I have come to believe that the Master, for reasons only he knows with certainty, supplies each of us with our own personal “thorn in the flesh.” We know from scriptural testimony that Paul certainly struggled with his “thorn,” whatever it might have been and we also know that he learned that the Lord’s grace was sufficient for him in dealing with whatever this issue might have been.
Like I said, we all have our thorns.
In my case, at least on a physical level, my thorn for sometime now has been my heart. Back in 1996, at age 47, I reached my first crisis point when, after a minor heart attack, I underwent quadruple bypass surgery. Since that time, I have had several other episodes involving one of the bypass grafts which has been problematic. And then, back in February, 2007, another graft closed, requiring a stint.
If you are a regular reader of this blog, you may know that it was the major surgery and problems in my early recovery that, along with other events, helped land me on the mission field in China, where I served from 1998-2003. In that case, the thorn that is my heart ended up helping lead me to an area of service that proved to be the most rewarding work I have ever undertaken. As I have written here before, I would have never planned this on my own, but the Holy Spirit took charge of the situation and, as I mustered enough willingness to be obedient to his leadings, my heart problems ended up being a blessing in many ways.
I mention all of this because once again, the thorn has reared its head and, as a result, I have been quite ill for some time now. After months of decreasing energy, increasing shortness of breath, and episodes of dizziness, I ended up in the hospital several weeks back. I was diagnosed with severe Congestive Heart Failure. As it turns out, this was not just an experience of heart failure, but instead, was about as close to checking out as one can get.
When the paramedics took my vital signs, my blood pressure was 90/52 and my pulse was 30. No wonder I was feeling a bit faint. After my hospitalization and subsequent tests, it was discovered that my ejection fraction (those of you who are medical types will know what that means) was 18! Friends, this is not good.
I am home now and feeling much better. I am on quite few new medications and they are evidently helping, but make me feel a bit weak. The doctors, because of the severity of my ejection fraction reading, were not overly optimistic as to prognosis. Still, with proper diet and medication, I should be able to survive.
I would like to take this opportunity to share with you several things that I find highly relevant to the situation at hand. I often find that the Lord gives me his reassurance, his wisdom, and especially, his benedictions through the words of others. For example, when I had the bypass surgery back in 1996, I recall lying in my bed in the hospital, praying for guidance and reassurance. Later, as I opened my Bible for the first time after surgery, it fell open to the following highlighted passage from Proverbs Four –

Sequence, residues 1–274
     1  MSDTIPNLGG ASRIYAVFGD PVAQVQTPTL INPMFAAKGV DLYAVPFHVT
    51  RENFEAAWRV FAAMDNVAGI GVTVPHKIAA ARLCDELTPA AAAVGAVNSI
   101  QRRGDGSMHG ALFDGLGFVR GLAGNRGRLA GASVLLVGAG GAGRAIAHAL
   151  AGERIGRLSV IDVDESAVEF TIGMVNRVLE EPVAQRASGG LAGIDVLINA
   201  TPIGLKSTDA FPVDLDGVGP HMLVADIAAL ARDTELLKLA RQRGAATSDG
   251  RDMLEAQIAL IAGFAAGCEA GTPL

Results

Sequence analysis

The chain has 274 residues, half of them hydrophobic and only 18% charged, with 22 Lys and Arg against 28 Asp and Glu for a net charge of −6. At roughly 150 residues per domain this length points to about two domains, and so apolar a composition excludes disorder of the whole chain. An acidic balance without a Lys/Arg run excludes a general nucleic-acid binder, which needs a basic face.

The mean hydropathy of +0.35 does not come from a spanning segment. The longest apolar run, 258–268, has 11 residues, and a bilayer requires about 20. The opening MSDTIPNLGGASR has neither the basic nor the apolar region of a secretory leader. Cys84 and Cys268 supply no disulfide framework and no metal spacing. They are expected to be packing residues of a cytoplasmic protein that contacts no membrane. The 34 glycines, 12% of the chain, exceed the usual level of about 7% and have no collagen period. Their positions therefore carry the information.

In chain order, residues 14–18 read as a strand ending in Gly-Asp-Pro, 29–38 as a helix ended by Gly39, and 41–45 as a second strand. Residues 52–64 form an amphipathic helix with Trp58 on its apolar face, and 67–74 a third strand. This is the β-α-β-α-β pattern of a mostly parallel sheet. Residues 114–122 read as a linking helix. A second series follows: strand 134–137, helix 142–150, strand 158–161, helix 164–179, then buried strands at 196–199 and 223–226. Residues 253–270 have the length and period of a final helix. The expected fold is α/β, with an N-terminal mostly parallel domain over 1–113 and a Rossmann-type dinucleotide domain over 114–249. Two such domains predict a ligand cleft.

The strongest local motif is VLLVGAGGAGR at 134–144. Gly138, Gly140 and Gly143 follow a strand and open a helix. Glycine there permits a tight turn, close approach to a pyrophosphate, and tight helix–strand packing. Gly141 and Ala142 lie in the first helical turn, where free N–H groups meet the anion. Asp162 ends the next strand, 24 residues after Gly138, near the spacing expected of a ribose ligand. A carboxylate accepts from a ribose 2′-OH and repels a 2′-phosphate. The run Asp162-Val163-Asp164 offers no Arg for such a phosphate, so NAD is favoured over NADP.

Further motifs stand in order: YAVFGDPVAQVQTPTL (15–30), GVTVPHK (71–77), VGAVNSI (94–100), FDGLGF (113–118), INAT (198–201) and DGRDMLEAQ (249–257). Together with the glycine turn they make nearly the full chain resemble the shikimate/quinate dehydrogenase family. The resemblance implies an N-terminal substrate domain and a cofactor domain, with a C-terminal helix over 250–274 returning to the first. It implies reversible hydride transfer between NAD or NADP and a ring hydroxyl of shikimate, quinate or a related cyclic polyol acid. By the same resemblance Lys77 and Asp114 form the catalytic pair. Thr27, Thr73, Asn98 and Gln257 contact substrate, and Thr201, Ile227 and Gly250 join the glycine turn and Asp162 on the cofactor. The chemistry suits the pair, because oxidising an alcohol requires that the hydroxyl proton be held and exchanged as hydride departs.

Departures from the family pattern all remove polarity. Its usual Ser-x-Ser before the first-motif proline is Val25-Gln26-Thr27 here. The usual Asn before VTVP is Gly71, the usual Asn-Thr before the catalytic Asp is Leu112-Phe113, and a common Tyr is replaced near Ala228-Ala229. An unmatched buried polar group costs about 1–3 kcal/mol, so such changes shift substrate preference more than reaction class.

Keep watch over your heart, for therein lie the wellsprings of life…
This passage became, and still is, a foundational principle in my life. And it goes without saying that I am not just talking about my physical heart, although that is a part of it. When scripture talks about the “heart,” it is most often referring to that deepest part of ourselves – the part of ourselves that incorporates our mind, our emotions, our will, and, to some extent, our spirit. In essence, our heart is our point of divine connection. No wonder we need to keep watch over this vital aspect of our being.
As I was in the early days of recovery from this latest problem, the Holy Spirit brought before my eyes the following words, written by Stephen A Macchia in his excellent book, Becoming a Healthy Disciple. I want to take this opportunity to share these life-giving words with you, for I think they explain the essence of the path of Christian spiritual formation in a very straightforward, comprehensible manner. Macchia writes:
When we discover that our hearts are broken and contrite, we come to the Lord with an earnest desire to repent of sinfulness. It’s out of this repentant heart that we find redemption in Christ. We are redeemed because of this sacrificial love on our behalf expressed in his death on the cross and his resurrection to eternal life. Because of his everlasting redemption, we are reconciled – brought into right relationship with God through Jesus Christ – and that reconciliation allows us to call God our heavenly father. As new creatures in Christ, we walk through this life in the power of the Spirit as regenerate people, learning, growing, and becoming what he intends for us.
A healed heart becomes a renewed heart as we walk from repentance to redemption to reconciliation to regeneration. Our hearts are healed at the point of conversion, and they become healthy as we walk through life as Christian disciples.
I think Macchia has presented a marvelous summary here and I encourage you to spend time reflecting on his words, maybe a few phrases at a time over a period of a couple of weeks. This is what I have been doing and the results have been most edifying on many levels.
Then, of course, the heart is central to my focus now. How about you?
L. Dwight “Mick” Turner